Does A Right-Wing Conspiracy Help Hillary?

Mayor Douglas Wilder of Richmond, Va.
Mayor Douglas Wilder of Richmond, Va., on "Face The Nation"

In states such as Indiana where open primaries allow independent and Republican Party members to vote for Democratic presidential candidates, right-wing radio commentators are exhorting their listeners to cross party lines and vote for Sen. Hillary Clinton, in the hope that she - and not Sen. Barack Obama - will become the nominee against Sen. John McCain, a supporter of Obama said.

Mayor Douglas Wilder of Richmond, Va., a former senator, said a concerted effort by right-wing media was driving voters to Clinton because, he feels, she is the weaker candidate for the Democratic nomination.

"Why are the poll numbers showing a certain element of the voter being unreachable as far as Barack is concerned? Let's get real. Who is running all of the ads on a regular basis? The bloggers, the right-wing commentators on the radio," Wilder told Face The Nation host Bob Schieffer. "Who are they supporting? Not Barack Obama. They are literally begging people - and these are Republicans - literally begging people, 'Please vote for Hillary Clinton.'

"They have no intention of supporting Hillary Clinton in November. And why are they doing that? Why is it Barack Obama can reach what some call the 'elite voter' but he can't reach the others? That's poppycock. There is a concentrated effort to derive those voters away from him and to drive them to Hillary Clinton, because many of them think that Hillary will be the weaker."

Concurring with Rep. James Clyburn, D-S.C., Wilder said that the Democrats faced a "riotous" convention if the will of the people - in terms of a candidate with the greatest number of pledged delegates and primary or votes - was usurped by the party's superdelegates. "People would be tremendously upset," he said.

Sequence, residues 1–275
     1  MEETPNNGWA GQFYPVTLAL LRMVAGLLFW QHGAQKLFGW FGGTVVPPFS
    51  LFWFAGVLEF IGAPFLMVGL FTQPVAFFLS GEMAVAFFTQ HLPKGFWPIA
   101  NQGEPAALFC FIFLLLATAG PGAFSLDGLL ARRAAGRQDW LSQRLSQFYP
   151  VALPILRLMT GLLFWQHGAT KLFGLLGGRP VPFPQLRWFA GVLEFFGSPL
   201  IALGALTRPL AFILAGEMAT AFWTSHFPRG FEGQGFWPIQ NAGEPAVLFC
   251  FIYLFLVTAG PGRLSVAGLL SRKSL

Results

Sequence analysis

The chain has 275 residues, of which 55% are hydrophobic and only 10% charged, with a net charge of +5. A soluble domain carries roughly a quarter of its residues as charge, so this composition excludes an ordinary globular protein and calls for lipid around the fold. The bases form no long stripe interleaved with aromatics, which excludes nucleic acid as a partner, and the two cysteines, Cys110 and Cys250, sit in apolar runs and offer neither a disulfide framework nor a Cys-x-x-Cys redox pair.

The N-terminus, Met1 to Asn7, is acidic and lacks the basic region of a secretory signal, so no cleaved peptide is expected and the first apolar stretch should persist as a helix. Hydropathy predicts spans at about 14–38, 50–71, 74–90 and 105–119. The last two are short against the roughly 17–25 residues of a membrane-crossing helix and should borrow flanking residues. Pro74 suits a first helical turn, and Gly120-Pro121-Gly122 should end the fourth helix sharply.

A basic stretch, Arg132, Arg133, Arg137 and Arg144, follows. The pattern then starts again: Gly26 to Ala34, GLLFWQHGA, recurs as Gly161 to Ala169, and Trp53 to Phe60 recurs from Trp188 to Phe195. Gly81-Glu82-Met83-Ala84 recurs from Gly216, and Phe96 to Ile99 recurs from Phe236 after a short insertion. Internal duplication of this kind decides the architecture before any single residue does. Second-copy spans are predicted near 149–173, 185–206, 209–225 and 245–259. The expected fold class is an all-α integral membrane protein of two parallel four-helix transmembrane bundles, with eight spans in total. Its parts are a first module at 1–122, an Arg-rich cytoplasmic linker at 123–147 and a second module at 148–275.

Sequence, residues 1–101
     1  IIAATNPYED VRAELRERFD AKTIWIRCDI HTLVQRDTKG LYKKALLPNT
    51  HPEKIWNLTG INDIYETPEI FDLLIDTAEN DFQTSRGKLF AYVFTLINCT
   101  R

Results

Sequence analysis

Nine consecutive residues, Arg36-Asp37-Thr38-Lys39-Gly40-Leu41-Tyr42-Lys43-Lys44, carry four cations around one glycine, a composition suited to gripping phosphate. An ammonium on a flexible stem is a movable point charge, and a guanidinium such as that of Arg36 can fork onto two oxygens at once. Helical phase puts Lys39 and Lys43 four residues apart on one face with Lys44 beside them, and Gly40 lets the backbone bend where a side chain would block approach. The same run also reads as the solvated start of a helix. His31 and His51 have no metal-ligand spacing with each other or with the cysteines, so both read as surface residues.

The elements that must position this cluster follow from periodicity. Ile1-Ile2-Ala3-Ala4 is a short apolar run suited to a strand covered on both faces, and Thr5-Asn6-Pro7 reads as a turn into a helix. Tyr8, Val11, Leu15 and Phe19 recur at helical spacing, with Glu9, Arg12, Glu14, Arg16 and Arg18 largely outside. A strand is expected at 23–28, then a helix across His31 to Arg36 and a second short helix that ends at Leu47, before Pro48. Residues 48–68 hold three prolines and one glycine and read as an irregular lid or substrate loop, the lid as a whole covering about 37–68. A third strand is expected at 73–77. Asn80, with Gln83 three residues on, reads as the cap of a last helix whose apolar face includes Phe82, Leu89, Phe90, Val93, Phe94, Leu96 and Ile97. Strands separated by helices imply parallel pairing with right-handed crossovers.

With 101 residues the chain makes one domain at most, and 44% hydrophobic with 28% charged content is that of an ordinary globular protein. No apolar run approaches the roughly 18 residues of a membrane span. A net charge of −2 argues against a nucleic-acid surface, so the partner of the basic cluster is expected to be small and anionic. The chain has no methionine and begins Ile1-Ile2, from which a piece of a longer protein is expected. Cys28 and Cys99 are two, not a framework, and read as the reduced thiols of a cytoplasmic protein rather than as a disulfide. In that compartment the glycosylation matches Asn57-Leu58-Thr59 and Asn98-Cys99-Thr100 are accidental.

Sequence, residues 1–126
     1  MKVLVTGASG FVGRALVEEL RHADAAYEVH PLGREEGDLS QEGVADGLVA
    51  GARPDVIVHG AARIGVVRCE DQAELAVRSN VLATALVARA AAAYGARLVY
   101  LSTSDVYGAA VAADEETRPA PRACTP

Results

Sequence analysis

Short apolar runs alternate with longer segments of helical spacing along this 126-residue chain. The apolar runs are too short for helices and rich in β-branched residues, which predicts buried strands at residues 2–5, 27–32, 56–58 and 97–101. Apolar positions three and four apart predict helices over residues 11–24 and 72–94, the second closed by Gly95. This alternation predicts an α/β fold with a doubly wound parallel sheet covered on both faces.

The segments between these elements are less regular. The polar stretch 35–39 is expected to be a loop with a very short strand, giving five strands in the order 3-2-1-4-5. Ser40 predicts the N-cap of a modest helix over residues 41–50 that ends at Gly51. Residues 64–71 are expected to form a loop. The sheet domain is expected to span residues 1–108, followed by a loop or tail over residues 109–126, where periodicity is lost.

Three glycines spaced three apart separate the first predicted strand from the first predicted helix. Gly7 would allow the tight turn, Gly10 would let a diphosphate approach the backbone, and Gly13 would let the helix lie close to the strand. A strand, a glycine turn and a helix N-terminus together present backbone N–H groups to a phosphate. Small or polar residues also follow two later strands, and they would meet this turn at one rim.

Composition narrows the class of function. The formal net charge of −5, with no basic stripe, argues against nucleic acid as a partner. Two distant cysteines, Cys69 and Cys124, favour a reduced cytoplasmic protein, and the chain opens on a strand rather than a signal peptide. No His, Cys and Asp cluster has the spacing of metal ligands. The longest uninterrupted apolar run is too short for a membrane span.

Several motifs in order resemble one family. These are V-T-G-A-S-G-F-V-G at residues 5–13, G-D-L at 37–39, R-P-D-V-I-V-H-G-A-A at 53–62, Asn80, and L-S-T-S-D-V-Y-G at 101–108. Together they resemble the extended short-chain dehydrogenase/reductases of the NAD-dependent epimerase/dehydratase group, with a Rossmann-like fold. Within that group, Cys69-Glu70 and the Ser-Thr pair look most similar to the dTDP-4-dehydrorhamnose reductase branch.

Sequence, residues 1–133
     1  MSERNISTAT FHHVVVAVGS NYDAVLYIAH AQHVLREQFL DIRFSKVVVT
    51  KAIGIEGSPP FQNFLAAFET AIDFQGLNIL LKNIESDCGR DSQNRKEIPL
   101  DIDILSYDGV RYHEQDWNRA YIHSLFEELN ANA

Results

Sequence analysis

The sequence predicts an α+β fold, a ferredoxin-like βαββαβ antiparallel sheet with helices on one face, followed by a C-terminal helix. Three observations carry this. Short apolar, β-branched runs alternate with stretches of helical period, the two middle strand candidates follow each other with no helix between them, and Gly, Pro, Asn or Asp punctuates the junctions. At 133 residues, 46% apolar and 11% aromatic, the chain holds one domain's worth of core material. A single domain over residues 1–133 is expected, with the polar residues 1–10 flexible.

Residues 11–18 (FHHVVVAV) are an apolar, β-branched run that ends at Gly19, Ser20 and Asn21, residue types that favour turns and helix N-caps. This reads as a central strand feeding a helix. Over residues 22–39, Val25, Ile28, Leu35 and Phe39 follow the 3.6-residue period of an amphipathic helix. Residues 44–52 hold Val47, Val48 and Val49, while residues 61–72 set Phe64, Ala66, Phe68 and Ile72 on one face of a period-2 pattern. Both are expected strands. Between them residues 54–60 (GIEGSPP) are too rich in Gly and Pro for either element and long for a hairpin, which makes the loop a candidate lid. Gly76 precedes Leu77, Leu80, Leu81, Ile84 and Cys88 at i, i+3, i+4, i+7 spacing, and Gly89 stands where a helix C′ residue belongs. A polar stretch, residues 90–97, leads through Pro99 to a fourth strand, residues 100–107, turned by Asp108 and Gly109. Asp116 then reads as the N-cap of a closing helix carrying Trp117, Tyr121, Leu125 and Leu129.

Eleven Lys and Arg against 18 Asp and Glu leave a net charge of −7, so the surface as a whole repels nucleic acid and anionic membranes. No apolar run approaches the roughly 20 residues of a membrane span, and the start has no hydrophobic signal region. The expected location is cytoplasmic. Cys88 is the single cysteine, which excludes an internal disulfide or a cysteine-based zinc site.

Clyburn, however, went further, believing that such a decision might inspire violence.

It would certainly breed discontent, he said, especially among younger voters, as he described his visits to historical black colleges and universities in his district: "That is what these young people were saying to me. They were very, very upset with all of this talk about superdelegates overturning their energies and overturning their efforts.

"A lot of them were saying that they felt that all of this talk about Senator Obama [was] just ways to damage him permanently for making it impossible for him to win even if he were to get the nomination.

"These young people have come into this party to the extent that I have not seen in 40 years. And we ought not be doing or saying anything to tamp down their enthusiasm."

Clyburn's message to the superdelegates who are free to vote their will? "They are free to take all of these things into account. And I think that they should. What they are not free to do, in my opinion, is to just outright reject or overturn without sufficient cause what may have happened in these various caucuses and these primaries.

"Be very, very careful. Don't do it just because you got the power to do it, but have good reasons if it comes to that."

While Clyburn and Wilder debated the impact or non-impact upon Obama's campaign by the recent remarks of Rev. Lawrence Wright, Sen. Evan Bayh, D-Ind., and a Clinton supporter, said that her willingness to stay in the race demonstrated a toughness and perseverance that is attractive to voters.

"She's a fighter," Bayh said. "And I think people know that it's not going to be easy to deliver the kind of results that they want. And it's her fortitude, in some ways the fact that she's been knocked down. There have been all these calls for her to quit, to go away, to disenfranchise the people of our state, for example. But she says, no, I'm in this for the American people. I'm going to stand strong for them.

"And so it's that grit and determination I think people like, plus the level of experience, the ability to deliver results.

"Barack is a very formidable person, a gifted candidate, and is very persuasive at any number of levels, but it's that between two good people, that perception that one has a little bit more experience and probably can actually deliver the kind of change that people are looking for I think that's resonating well here in the heartland."

Read the full "Face the Nation" transcript here.
  • David Morgan

    David Morgan is a senior editor at and